Sometimes, when I go walking, an odd thing happens. My mind, so often filled with the daily stresses and tensions we all live with in today’s world, relaxes.
I walk on for some time before I realize what’s happened. Instead of thinking about what I need to do—go to the store, heft groceries inside and put them away, prep and cook dinner, make sure Mom eats at least a little of it, clean up, sit down and pay bills, make sure I get the laundry done—I notice suddenly that all I’m thinking about is my steps.
Meaning that each step I take has moved, unbidden, to the uppermost importance-slot in my mind. I’m not thinking about working. I’m not thinking about what’s going on in the world around me, not rising prices, not the distressing political situation in my country, not climate change or global warming or the potentially grim times ahead.
No, I’m thinking about my steps as I walk.
Maybe I start counting them under my breath: one-two, left-right, three-four, left-right, five-six … and on, and on. Maybe I’ll whisper-sing a little marching tune: "row, row, row your boat" or “the ants go marching one by one, hurrah, hurrah…”
My feet hurt, sometimes miserably, as I walk. Both feel like I’m walking on jagged gravel instead of smooth asphalt. But as I sing about ants or rowboats or Johnny who came marching home, I’m relegating the pain to some other, less important compartment in my mind. There’s a kind of triumphant satisfaction in that.
I sing-chant to maintain that brain-silence I’ve achieved...
...not allowing stray thoughts to intrude into this unique form of mind-body melding. And of course, while I move my mind is still busy even though I’ve managed to convince myself that it’s not. I see houses. I see cars. Dogs. That helicopter. Those flowers. The temperature of the air and how lovely it feels gliding by my cheeks, the way the breeze blows and ebbs, and blows again. Scents: dry leaves, new grass, auto exhaust, roses.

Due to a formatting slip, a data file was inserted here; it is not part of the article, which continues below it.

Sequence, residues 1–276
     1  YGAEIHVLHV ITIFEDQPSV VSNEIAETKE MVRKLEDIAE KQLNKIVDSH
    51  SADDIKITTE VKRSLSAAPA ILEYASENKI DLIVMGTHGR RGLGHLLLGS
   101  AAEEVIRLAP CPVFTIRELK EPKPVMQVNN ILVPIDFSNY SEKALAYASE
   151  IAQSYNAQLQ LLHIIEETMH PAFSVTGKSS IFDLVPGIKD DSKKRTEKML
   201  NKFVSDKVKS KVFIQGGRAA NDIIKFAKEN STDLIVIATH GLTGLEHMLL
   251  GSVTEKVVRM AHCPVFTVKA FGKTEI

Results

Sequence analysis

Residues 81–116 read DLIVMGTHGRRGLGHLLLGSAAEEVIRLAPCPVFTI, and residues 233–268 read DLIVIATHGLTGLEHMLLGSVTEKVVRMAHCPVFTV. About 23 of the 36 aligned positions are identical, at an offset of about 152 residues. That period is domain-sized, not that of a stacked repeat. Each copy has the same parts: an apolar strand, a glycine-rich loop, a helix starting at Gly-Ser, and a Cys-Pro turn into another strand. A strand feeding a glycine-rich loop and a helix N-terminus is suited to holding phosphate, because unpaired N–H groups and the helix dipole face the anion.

And the ants go marching. Or rowing. Or whatever. How many steps, now? Four-hundred? Gotta pick up some chicken breasts and don’t forget the almond milk. And magnesium for Mom, and … oh, now, stop that. With determination, now: left, right. Left, right, left, right, left. Left. Left … left, right, left. Remember how the drill sergeant hollered it, back in boot camp? When you were barely older than a child? "Lef, lef, lef-righ-lef."
Take the right turning ahead and walk past the park and creek? Or the left, with just more neighborhood houses but with less traffic? Left, then. Cars are noisy. Too fast and uncaring. Tomorrow I’ll go right and walk through the park. Look forward to it: that park will have its new spring clothes on.
"Ninety-nine bottles of beer on the wall, nighty-nine bottles of beer …"
Eventually, I walk-sing-march all the way home.
My muscles, head to toe, are loose and fully oxygenated. I’m breathing more deeply and much more slowly than when I started. My mind feels flushed and clean. It feels rested even though my body is tired.
But this … this is a goodtired. It’s the kind of tired that means when I go to bed tonight, I’ll probably fall to sleep more easily, even though I hurt. I might even stay asleep most of the night. That happens so rarely now that I perceive it as a blessing. This kind of tired is a magnanimous gift.
I’ve been out to see the world today. I’ve breathed fresh air and I’ve seen flowers and felt the cool breeze on my skin. I’ve moved my entire body. I may still have rheumatoid disease, but today I put it where it belongs: behind the 16th bottle of beer on the wall; pitched right out of the rowboat; and left back on the battlefield when Johnny came marching home.
On a scale of 1(low) to 5(high), how difficult is it for you to talk about having RA?